## Archive for June, 2011

### Programming Praxis – Thank God It’s Friday!

June 24, 2011

In today’s Programming Praxis exercise, our goal is to implement three functions related to dates: two ways to calculate the day of the week for a given date and one to calculate the ‘doomsday’ of a given year. Let’s get started, shall we?

To make the results a bit easier to work with we make a data type with the days of the week.

```data Weekday = Sun | Mon | Tue | Wed | Thu | Fri | Sat deriving (Enum, Eq, Show)
```

The algorithms are just a bit a math.

```gauss :: Int -> Int -> Int -> Weekday
gauss y m d = toEnum \$ mod (d + floor (2.6 * fromIntegral
(mod (m - 2) 12) - 0.2) + y' + div y' 4 + div c 4 - 2*c) 7 where
(c,y') = divMod (if m < 3 then y - 1 else y) 100

sakamoto :: Int -> Int -> Int -> Weekday
sakamoto y m d = toEnum \$ mod (y + div y 4 - div y 100 +
div y 400 + [0,3,2,5,0,3,5,1,4,6,2,4] !! (m - 1) + d) 7

conway :: Int -> Weekday
conway y = toEnum \$ mod (q + r + div r 4 + 5*(c+1) + div c 4 + 4) 7
where (c, (q,r)) = (div y 100, divMod (mod y 100) 12)
```

Some tests to see if everything is working properly:

```main :: IO ()
main = do print \$ gauss 2011 6 24 == Fri
print \$ sakamoto 2011 6 24 == Fri
print \$ conway 2011 == Mon
```

### Programming Praxis – Big Numbers: Input And Output

June 14, 2011

In today’s Programming Praxis exercise, our task is to write functions to convert Big Numbers to and from strings. Let’s get started, shall we?

To convert from a string, we simply convert each digit to the correct value, multiplying them by the base as we go along.

```readBase :: (Num a, Enum a) => a -> String -> a
readBase b xs       = foldl (\a x -> b * a + val x) 0 xs where
val d = maybe (error "unrecognized digit") id . lookup d \$ zip
(['0'..'9'] ++ ['A'..'Z'] ++ ['a'..'z']) [0..]```

To convert to a string, we divide by the base until we reach zero. The remainders form the digits of the output.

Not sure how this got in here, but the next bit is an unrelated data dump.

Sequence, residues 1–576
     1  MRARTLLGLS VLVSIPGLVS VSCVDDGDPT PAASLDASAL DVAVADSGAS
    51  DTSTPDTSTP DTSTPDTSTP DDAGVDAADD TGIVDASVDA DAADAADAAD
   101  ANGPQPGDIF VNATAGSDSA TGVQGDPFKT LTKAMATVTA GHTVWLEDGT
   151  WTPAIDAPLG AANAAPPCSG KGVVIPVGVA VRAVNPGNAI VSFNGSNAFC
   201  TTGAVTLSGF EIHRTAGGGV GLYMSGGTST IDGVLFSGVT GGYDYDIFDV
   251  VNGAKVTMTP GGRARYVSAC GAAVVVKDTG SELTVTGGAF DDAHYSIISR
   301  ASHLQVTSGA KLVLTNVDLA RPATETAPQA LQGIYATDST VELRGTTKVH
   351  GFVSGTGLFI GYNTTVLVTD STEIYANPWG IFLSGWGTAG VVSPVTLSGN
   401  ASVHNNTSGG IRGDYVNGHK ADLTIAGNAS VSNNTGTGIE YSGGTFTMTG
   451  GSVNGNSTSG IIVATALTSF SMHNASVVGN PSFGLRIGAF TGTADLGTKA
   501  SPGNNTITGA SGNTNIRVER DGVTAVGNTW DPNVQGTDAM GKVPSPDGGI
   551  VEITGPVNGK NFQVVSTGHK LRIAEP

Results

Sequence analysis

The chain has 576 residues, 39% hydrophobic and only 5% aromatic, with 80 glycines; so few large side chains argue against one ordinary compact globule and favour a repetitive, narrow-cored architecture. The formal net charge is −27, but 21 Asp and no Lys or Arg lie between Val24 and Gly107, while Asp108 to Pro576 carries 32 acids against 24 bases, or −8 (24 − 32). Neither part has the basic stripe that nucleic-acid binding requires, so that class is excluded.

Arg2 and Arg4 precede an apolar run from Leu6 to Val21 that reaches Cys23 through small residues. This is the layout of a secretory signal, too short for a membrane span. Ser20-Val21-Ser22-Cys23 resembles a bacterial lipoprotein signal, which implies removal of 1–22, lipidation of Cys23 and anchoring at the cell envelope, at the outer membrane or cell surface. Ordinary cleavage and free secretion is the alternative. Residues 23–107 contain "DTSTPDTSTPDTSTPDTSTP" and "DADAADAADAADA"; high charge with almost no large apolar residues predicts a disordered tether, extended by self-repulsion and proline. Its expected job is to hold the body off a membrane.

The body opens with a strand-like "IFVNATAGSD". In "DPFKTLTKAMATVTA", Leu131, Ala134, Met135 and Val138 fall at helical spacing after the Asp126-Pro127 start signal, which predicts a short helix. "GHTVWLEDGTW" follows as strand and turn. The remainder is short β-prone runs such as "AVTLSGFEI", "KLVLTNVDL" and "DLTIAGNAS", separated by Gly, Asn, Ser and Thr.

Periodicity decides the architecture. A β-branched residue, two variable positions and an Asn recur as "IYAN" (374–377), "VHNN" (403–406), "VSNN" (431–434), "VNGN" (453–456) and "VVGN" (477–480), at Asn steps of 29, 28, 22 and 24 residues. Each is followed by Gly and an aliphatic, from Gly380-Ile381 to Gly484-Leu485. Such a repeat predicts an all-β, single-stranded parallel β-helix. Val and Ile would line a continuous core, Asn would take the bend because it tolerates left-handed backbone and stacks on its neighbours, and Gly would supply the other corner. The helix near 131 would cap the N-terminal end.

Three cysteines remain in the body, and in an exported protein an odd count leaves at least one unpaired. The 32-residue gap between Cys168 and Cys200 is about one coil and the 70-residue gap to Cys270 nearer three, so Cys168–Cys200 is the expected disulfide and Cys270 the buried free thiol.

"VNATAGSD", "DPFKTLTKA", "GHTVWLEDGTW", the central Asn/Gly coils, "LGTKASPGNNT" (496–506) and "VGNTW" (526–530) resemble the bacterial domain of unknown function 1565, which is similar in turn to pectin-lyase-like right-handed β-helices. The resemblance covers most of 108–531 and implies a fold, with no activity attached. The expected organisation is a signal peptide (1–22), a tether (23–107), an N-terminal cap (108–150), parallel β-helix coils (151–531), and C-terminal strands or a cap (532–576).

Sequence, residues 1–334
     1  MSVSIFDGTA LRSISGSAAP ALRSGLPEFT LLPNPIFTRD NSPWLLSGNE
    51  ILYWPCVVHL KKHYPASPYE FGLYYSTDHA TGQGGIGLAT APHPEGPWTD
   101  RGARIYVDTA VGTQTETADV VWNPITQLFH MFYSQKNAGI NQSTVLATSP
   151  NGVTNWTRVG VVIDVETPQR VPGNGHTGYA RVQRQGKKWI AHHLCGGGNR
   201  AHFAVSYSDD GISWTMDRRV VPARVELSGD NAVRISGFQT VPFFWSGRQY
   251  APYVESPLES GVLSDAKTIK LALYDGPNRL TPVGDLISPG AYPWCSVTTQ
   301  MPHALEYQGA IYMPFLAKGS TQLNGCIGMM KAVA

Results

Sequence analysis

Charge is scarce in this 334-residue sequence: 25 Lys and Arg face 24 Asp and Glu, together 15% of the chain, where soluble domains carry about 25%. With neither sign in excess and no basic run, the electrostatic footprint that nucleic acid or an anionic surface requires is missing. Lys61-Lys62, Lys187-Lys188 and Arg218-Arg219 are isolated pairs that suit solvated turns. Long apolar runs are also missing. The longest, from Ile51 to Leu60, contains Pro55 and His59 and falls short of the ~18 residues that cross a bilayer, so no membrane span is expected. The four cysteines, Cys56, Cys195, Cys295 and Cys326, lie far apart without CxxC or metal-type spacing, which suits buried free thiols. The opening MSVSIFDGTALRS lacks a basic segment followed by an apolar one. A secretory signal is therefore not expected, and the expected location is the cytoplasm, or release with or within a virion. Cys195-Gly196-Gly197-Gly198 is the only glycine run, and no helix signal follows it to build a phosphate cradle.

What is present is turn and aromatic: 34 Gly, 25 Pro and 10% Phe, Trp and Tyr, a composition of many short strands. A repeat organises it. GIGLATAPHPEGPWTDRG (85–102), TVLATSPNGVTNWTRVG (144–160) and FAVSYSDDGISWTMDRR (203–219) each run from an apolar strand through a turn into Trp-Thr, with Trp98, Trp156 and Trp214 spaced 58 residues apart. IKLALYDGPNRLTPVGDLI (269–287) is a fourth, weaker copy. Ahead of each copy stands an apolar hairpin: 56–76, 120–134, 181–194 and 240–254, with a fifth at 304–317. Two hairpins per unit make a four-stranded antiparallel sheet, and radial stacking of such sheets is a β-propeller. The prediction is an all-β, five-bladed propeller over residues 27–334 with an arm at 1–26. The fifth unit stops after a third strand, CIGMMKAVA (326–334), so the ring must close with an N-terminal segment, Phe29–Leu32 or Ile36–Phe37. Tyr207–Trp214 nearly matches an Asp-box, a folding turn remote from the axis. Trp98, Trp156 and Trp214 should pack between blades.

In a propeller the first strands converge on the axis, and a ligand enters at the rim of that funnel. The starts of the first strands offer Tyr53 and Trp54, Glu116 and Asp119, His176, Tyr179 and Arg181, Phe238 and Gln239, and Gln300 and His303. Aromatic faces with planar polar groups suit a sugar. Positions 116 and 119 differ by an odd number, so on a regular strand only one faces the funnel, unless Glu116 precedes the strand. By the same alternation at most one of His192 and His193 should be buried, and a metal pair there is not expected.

```showBase :: Integral a => a -> a -> String
showBase b n = if n < 0 then '-' : showBase b (abs n) else
map (digit . snd) \$ m : reverse ms  where
((_:ms), (m:_)) = span ((> 0) . fst) \$ iterate (flip divMod b . fst) (n, 0)
digit d = maybe undefined id . lookup d . zip [0..] \$
['0'..'9'] ++ ['A'..'Z'] ++ ['a'..'z']```

While we’re at it let’s also make BigNum an instance of Read and Show, the typeclasses that normally handle conversion to and from strings.

```instance Read BigNum where
split ('-':xs) = first ('-':) \$ split xs
split xs       = span (`elem` ['0'..'9'] ++ ['A'..'Z'] ++ ['a'..'z']) xs

instance Show BigNum where
show = showBase 10```

Some tests to see if everything is working properly:

```main :: IO ()
main = do print \$ readBase 10 "1234"   == ( 1234 :: BigNum)
print \$ readBase 10 "-1234"  == (-1234 :: BigNum)
print \$ readBase  2 "101010" == (   42 :: BigNum)
print \$ read "-1234"         == (-1234 :: BigNum)
print \$ showBase 10 ( 1234 :: BigNum) ==   "1234"
print \$ showBase 10 (-1234 :: BigNum) ==  "-1234"
print \$ showBase  2 (   42 :: BigNum) == "101010"
print \$ show        (-1234 :: BigNum) ==  "-1234"```

### Programming Praxis – Steganography

June 10, 2011

In today’s Programming Praxis exercise, our goal is to implement a cipher that hides messages in spam emails. Let’s gets started, shall we?

Some imports:

```import Control.Applicative
import Data.Bits
import Data.Char
import Data.List
import Data.List.Split (chunk)
import System.Random (randomRIO)```

First we define the allowed characters (without numbers since they are treated a differently from the rest).

```chars :: String
chars = ['A'..'Z'] ++ ['a'..'z'] ++ ". "```

Neither the key nor the message can contain any other characters, so we make a function to remove all other characters.

```sanitize :: String -> String
sanitize = flip intersect \$ chars ++ ['0'..'9']```